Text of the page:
Yeah. I mean, our goal just every year is to win every game on the schedule. You got to play the games, and we actually had T-shirts made for our players after our second scrimmage in preseason camp that said, they had destination on the front and they had the GPS coordinates of Indianapolis on the back. This was before we even played the game. I mean, we believe that, inside our building, that we were capable of having that type of success if we did what we were capable of doing, if we were able to stay healthy, if we were able to continue to get better and continue to grow as a team. And so, we weren’t surprised, but at the same time, we don’t take it for granted.

Mel Tucker:
We know what it took to be able to get there. And then, we know how much distance there is between where we were and then where we need to go. And so, we’re just very realistic about it, but we don’t like to talk about it so much. We talk about the process and about the work and the actions we have to do day-to-day. It’s the journey along the way. But again, I don’t believe in self-imposed limitations, and I’m not going to let anyone put a limitation on me. And I’m for sure not going to put a limitation on our players and on our program. I mean, let’s get what we can get.

Speaker 4:
Coach, you’re very intentional about your culture and how you work to build that at MSU. And it is not just head coach and players. There are a lot of different people from your coaching staff, to your players, to the admin staff, to the operational staff, the support staff, that touch your program and affect culture. What would you say are one of the top one or two behaviors that are non-negotiables for the culture that you’re trying to establish? And additionally, how do you go about aligning that behavior, from you at the top, all the way through your organization, to make sure that remains a non-negotiable in your culture?

Mike Sarraille:
That’s like a graduate level question right there.

Mel Tucker:
Yeah. Yeah. That is.

Mike Sarraille:
That’s not an undergrad student.

Mel Tucker:
I got a public school education on the east side of Cleveland, man, but… No, but yeah. So, one of the non-negotiables is negativity, especially verbal negativity language. We don’t preach being positive. That’s not something that… We’re not into that. I’m actually against unearned positivity. You’re down 16 against the school down the road at halftime, I mean, like what’s positive about that. It’s not, “Okay guys. It’s okay. Rah, rah.” No, I mean, what do we need to do? Right? What’s the next right step. But negativity… And we know positivity does not work all the time, especially when it’s unearned, but we know negativity has a negative effect 100% of the time. Negative thoughts are very powerful.

Mel Tucker:
Verbalizing a negative thought is seven to 10 times more powerful than just thinking it. Because just thinking something, just having negative thoughts affects you negatively, but when you verbalize it, it not only affects you, but it affects people around you who hear that. So, something that’s non-negotiable in our program is we tell guys, “Don’t say dumb things out loud. Just don’t don’t let me hear it. Just keep it to yourself.” That’s one thing.

Mel Tucker:
The other thing is we are a confront and demand organization, what basically means we have standards. The standards are the standards. And if we’re not behaving and performing at a standard, whatever it is, then we have to confront that immediately, right there on the spot. We do not wait. You can’t wait later on in the day or after practice or after the game or see if it’s going to get better. That’s not acceptable.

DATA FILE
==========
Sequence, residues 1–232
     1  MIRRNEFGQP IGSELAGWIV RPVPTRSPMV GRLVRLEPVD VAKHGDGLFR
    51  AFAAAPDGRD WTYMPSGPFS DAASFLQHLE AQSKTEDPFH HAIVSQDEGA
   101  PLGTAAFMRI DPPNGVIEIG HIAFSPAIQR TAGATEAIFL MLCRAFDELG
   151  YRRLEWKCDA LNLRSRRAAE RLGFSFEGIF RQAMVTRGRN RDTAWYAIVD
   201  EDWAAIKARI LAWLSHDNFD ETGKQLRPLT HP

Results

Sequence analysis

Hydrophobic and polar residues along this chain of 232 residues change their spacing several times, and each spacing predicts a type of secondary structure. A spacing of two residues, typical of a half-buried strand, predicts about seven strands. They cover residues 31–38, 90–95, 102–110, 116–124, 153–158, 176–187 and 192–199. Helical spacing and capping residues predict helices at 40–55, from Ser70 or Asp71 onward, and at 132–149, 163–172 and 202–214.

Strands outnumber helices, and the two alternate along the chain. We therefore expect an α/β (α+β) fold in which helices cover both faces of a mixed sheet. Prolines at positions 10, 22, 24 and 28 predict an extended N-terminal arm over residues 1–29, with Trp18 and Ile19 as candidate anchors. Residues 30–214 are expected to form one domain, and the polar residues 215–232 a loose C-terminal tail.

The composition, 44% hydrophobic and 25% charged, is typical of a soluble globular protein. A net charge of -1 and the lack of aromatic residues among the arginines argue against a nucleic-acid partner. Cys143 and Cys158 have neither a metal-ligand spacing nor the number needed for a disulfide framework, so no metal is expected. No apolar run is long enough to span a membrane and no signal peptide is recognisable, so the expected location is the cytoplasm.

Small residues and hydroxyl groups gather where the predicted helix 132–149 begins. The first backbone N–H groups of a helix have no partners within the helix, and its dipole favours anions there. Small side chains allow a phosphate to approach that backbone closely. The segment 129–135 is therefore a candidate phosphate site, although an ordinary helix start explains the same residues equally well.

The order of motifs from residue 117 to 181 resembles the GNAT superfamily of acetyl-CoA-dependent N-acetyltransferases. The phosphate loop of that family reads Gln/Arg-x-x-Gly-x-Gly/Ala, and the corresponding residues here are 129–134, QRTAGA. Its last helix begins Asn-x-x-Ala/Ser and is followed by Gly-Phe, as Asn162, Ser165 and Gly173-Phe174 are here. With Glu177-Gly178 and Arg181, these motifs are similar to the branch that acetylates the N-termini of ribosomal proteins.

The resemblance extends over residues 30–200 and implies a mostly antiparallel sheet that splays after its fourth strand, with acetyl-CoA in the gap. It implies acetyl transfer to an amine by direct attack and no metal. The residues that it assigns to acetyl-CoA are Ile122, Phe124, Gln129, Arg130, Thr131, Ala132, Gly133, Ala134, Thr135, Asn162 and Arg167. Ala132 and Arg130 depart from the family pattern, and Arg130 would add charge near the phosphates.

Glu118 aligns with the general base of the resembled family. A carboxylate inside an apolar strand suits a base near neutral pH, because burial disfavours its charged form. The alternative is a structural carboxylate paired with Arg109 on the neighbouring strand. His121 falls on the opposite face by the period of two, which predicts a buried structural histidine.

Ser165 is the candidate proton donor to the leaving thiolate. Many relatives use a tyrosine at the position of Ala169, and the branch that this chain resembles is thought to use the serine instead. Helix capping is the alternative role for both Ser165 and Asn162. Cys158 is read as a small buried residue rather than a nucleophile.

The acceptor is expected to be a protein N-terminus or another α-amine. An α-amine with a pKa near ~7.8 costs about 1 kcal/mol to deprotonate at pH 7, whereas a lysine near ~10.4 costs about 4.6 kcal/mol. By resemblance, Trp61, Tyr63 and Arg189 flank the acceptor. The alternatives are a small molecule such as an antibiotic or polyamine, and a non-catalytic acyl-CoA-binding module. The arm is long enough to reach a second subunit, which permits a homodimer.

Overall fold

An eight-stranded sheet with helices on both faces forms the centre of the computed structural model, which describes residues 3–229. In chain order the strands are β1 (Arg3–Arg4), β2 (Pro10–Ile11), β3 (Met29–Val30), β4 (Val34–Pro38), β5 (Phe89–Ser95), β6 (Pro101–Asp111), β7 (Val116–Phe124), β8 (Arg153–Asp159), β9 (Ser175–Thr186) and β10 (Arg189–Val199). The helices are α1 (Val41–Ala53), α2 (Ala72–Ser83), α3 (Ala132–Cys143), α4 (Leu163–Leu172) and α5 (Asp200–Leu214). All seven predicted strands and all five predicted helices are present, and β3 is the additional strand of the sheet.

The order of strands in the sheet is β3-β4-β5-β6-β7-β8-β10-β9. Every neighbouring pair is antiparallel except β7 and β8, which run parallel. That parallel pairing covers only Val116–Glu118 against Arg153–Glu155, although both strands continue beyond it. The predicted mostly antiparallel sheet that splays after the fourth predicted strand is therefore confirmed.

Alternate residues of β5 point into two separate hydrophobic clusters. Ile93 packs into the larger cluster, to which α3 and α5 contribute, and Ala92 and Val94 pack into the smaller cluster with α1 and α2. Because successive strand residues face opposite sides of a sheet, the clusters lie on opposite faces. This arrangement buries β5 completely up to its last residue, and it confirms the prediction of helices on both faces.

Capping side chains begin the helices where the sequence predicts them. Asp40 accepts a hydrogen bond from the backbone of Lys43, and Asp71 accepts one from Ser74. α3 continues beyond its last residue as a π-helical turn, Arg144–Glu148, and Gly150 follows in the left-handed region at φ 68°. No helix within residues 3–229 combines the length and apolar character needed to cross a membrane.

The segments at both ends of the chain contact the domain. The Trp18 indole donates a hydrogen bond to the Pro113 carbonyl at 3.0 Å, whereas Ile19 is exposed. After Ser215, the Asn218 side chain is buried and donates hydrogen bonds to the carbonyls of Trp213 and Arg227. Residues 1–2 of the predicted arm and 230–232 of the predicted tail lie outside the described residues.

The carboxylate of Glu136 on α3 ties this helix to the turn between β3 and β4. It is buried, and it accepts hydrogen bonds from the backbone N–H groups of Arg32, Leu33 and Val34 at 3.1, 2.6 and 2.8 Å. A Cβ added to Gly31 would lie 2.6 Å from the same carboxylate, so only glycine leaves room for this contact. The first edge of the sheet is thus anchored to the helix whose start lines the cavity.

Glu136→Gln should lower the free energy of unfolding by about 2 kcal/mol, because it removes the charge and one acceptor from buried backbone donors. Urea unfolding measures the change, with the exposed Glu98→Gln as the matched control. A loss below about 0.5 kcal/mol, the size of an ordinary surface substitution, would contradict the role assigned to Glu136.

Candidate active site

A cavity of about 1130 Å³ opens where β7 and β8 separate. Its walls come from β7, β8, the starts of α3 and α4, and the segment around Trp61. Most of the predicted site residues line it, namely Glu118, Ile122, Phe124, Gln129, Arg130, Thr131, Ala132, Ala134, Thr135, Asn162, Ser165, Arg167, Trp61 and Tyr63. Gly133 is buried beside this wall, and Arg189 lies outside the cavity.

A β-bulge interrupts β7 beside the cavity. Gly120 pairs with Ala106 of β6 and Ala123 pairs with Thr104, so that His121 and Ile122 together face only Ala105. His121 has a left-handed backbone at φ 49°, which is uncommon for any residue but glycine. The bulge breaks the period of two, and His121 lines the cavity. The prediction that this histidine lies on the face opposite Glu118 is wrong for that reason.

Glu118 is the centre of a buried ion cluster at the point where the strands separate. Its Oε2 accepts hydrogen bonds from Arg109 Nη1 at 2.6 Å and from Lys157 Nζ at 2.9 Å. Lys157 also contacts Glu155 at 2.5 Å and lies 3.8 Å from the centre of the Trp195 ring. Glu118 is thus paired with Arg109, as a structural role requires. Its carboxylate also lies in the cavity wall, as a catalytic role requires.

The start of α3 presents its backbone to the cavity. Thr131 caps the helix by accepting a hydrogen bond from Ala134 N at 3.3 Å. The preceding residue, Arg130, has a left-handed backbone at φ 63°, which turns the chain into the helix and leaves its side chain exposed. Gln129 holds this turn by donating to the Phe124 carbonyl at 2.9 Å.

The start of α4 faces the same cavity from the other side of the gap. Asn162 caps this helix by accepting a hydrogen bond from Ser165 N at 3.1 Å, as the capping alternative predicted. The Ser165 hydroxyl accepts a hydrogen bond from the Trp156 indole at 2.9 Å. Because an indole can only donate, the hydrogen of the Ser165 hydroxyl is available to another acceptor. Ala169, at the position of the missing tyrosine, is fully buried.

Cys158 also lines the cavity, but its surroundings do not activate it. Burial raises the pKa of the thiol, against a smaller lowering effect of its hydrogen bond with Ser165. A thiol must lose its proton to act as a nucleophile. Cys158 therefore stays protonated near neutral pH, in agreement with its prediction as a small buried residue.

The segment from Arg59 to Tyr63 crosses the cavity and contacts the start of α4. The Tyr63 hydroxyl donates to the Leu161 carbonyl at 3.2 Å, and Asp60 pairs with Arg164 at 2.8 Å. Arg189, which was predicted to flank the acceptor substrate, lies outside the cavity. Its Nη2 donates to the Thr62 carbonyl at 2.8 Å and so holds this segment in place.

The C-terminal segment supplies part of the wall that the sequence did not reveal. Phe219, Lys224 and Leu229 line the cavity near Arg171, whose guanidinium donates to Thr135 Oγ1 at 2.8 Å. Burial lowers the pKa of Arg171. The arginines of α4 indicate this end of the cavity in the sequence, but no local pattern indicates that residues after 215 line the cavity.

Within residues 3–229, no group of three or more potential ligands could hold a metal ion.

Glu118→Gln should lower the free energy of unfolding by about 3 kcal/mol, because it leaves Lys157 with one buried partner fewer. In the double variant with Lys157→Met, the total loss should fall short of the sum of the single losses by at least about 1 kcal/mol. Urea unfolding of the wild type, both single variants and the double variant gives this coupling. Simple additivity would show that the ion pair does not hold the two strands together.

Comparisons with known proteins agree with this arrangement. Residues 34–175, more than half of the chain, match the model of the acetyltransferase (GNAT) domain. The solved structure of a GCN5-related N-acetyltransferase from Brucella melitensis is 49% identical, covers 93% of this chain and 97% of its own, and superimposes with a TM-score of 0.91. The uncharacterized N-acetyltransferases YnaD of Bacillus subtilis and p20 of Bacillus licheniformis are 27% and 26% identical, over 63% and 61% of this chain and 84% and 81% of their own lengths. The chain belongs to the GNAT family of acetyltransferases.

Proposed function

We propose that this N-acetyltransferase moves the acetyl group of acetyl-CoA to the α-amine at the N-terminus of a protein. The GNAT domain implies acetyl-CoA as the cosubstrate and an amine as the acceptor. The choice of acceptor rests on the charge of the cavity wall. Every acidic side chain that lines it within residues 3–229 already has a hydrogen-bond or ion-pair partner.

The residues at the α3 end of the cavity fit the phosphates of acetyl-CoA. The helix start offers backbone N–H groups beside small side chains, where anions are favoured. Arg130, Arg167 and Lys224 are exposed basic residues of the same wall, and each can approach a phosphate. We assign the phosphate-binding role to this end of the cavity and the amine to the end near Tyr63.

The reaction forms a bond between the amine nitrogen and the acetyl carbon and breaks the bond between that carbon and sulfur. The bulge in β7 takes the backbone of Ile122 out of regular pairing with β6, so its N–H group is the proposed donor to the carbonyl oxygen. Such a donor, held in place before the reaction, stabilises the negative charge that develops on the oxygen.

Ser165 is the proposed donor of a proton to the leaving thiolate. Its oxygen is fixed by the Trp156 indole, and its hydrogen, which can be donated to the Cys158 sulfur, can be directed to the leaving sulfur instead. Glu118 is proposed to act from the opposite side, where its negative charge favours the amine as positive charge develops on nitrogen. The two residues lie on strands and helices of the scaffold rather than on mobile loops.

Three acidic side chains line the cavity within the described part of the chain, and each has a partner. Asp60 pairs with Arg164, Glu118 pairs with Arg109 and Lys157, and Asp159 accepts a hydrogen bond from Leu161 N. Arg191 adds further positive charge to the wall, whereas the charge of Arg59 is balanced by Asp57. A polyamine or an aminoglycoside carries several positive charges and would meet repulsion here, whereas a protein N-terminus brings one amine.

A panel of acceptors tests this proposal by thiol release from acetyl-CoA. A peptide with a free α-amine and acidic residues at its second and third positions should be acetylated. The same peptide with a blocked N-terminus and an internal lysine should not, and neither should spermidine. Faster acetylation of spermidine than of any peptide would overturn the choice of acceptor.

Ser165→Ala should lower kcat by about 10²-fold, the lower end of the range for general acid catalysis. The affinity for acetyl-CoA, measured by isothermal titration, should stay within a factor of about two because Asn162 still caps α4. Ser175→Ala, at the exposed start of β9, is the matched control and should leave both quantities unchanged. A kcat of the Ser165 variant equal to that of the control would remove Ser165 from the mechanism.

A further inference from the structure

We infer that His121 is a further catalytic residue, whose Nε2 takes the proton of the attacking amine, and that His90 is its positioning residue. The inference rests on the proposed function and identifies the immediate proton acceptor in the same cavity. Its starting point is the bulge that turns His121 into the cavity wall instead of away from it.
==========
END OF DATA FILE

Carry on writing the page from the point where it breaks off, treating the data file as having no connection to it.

Mel Tucker:
You have to address it right then. And confronting it, it may not necessarily be like ripping someone or something like that, but you have to address it. You have to address it, and you have to see it. If a guy’s shirt’s not tucked in in practice, well, hey, you got to address it right then. “Hey, tuck your shirt in.” That’s nonnegotiable. We don’t walk on the field. If a guy’s walking off the field, then if I see that, I got to confront that. If a coach sees it, he’s got to confront it. If a teammate sees, he needs to confront it. And that’s never going to change because if those are the standards and we don’t live up to those standards, then our culture is not strong, and we don’t have a program. And when things start to slide, they slide in inches. They slide in inches right before your eyes, and that’s where all the attention and detail, the little things are big things. Because it’s in the margins right there where you separate really the winners from the losers.

Speaker 5:
You’ve mentioned recruiting a number of times during this podcast. We all know that recruiting is very important in military, in football, but also in the business world. What characteristics do you look for when recruiting an individual, not just a football player, but also your staff?

Mel Tucker:
Yeah, so we really have kind of two, really, grades for guys. And at this level where we’re recruiting, everyone that we’re recruiting, they’re all good players. And so there’s height, weight, speed, change of direction, leaping ability, ball skills, all those are balance and body control, power. Those are things that you can see on tape. Those are things you can see with your eyes. I mean, you can evaluate that, and that’s one score. And, obviously, to compete at the highest level, we’ve got to have guys that are big, fast, and strong and can move and can do all those things. But the other part of it is, which is just as important, is what we call a fit score.